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Litigation 9: Court finds condo association cannot seek foreclosure solely because of unpaid fines.

In this case, in 2001 plaintiff conveyed a condominium unit to defendant. In September 2005, plaintiff informed defendant that he had violated the condominium bylaws by not completing construction within 12 months and that a hearing would be held on September 30, 2005, that could result in a fine of $1,000 a month. The hearing was rescheduled at defendant’s request, but he did not attend the rescheduled hearing. Plaintiff’s board of directors imposed an escalating fine schedule: $100 a month from November to January 2006, $500 a month from February 2006 to April 2006, and $1,000 a month after March 2006. Plaintiff informed defendant of the fine schedule via letter.

AUTHORITY TO LEVY FINES

The Condominium Act provides associations various relief in the event of a default by a co-owner, including the levying of fines.

It is plaintiff’s position that under its bylaws fines against owners can be treated as condominium assessments, and any unpaid assessments constitute a lien on the unit. Thus, after defendant failed to pay any of the fines or complete construction of the home, in May 2010 plaintiff filed a lien against defendant’s property for nonpayment of assessments. An amended lien was filed in 2017, for $137,800 in unpaid assessments. It is undisputed that this amount is comprised solely of the unpaid fines.

In October 2016, plaintiff initiated a lawsuit seeking judicial foreclosure on defendant’s unit to satisfy the lien.

AUTHORITY TO FORECLOSE

Defendant argued that plaintiff does not have authority to foreclose on his property solely because of unpaid fines.

This issue turns on the distinction between assessments and fines. This distinction is important because the bylaws (which mirrors the Condominium Act) only grant plaintiff the authority to foreclose assessments liens. Under the bylaws, unpaid fines do not become liens and, even if they did, the bylaws do not grant plaintiff authority to foreclose liens that consist only of fines. The Condominium Act also refers to assessments and fines as distinctive terms.

Condominium units are assessed amounts to cover maintenance, repair, management and other common expenses incurred by the association. In contrast, the purpose of fines is to punish owners for violation of the condominium documents.

COURT

The court agreed with plaintiff that under this provision that if an individual member or co-owner causes costs or damages, plaintiff may collect that amount as an assessment. However, plaintiff does not identify any costs or damages that it incurred because of defendant’s failure to timely complete construction. The court concluded the fines levied against defendant may not be treated as assessments and therefore plaintiff did not have authority under its bylaws to file a lien against defendant and seek foreclosure.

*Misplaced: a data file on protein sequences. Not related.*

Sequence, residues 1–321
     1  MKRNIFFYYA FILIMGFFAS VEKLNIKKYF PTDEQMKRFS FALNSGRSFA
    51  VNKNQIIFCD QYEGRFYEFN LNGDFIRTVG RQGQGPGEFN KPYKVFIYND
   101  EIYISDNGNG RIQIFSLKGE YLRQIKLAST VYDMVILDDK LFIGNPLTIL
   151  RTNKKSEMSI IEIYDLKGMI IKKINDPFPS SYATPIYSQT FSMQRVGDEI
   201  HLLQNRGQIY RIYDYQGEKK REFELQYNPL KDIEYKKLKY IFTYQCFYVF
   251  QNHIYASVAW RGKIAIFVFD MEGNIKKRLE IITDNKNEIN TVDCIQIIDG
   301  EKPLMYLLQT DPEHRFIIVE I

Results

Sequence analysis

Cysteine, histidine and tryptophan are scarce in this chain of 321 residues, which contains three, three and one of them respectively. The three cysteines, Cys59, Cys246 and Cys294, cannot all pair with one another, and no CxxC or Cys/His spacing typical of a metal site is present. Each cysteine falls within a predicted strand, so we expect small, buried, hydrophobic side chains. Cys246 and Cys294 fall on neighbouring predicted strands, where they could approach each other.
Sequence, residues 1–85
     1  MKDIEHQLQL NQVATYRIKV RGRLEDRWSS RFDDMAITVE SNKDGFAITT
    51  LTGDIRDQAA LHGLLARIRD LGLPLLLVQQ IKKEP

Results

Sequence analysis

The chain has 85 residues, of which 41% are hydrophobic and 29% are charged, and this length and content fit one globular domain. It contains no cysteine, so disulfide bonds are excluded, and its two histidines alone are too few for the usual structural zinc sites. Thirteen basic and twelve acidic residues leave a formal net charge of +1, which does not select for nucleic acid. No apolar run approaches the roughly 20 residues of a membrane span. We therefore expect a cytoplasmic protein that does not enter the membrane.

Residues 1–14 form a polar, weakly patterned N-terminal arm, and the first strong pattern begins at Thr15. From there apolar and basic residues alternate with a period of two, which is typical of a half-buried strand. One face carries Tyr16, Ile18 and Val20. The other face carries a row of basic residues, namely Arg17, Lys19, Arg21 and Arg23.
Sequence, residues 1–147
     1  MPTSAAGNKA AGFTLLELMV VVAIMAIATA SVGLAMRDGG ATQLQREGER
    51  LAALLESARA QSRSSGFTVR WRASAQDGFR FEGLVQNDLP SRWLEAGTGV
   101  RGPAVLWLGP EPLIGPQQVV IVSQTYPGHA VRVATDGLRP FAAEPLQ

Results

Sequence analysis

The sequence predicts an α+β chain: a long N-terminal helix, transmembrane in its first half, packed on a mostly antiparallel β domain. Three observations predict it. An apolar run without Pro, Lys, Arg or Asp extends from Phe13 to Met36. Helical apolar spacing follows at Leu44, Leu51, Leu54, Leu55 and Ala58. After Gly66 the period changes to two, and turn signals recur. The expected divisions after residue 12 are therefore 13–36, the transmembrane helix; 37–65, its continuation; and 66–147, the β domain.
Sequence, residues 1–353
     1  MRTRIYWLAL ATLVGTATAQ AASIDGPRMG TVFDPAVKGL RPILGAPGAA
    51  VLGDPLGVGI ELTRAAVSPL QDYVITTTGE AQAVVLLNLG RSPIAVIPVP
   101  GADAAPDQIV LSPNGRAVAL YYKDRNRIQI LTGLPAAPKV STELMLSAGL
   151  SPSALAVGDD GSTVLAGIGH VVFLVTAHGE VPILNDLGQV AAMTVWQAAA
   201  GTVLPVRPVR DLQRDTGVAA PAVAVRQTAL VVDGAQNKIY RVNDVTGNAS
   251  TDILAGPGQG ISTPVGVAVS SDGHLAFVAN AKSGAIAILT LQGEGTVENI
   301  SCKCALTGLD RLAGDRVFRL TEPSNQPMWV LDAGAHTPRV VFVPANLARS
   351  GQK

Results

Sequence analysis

Assistance with Condo Association Disputes

Resolving condo association disputes in the most efficient and cost-effective manner is best for both parties. Aldrich Legal Services can help parties reach an agreement through negotiation or through an alternative dispute resolution option.

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FAMILY LAW 83: A trial court can terminate a parent’s rights and permit a stepparent to adopt a child.

A trial court has discretion to terminate a parent’s rights and permit a stepparent to adopt a child when the conditions of MCL 710.51(6) are met. MCL 710.51(6)(b) requires the petitioner to establish that the other parent had the ability to visit, contact, or communicate with the children, and substantially failed or neglected to do so for a period of two years.

PROBATE 53: The trust agreement included an Incontestability Provision.

A settlor’s intent is to be carried out as nearly as possible. Generally, in terrorem clauses are valid and enforceable. However, a provision in a trust that purports to penalize an interested person for contesting the trust or instituting another proceeding relating to the trust shall not be given effect if probable cause exists for instituting a proceeding contesting the trust or another proceeding relating to the trust.

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However, the trial court concluded that these matters should, in fact, be in the province and the jurisdiction of the Family Division and in that respect, having issued a personal protection order, the Court stated it would terminate the personal protection order after the parties present documentation of the initiation of the divorce proceedings.

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